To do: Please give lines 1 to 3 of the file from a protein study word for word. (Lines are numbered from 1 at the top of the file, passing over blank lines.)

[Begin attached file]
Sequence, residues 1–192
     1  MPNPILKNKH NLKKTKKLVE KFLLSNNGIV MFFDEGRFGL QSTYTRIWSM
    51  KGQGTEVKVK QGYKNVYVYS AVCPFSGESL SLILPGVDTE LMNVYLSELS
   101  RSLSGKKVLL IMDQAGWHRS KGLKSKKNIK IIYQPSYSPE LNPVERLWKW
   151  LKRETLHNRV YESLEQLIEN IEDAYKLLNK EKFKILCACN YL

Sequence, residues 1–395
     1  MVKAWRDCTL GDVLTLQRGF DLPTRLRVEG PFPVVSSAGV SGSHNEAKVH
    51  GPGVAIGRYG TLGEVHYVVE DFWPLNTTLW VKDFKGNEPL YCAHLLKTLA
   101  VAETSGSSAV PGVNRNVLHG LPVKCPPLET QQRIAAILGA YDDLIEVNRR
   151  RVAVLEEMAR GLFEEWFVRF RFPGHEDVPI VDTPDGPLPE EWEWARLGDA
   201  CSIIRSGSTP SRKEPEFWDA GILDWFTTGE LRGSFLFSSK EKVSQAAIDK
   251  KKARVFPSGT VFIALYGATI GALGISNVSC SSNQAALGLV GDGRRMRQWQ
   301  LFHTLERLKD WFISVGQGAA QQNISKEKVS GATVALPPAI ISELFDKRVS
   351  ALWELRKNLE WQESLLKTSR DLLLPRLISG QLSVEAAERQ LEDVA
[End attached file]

Sequence, residues 1–192
     1  MPNPILKNKH NLKKTKKLVE KFLLSNNGIV MFFDEGRFGL QSTYTRIWSM
    51  KGQGTEVKVK QGYKNVYVYS AVCPFSGESL SLILPGVDTE LMNVYLSELS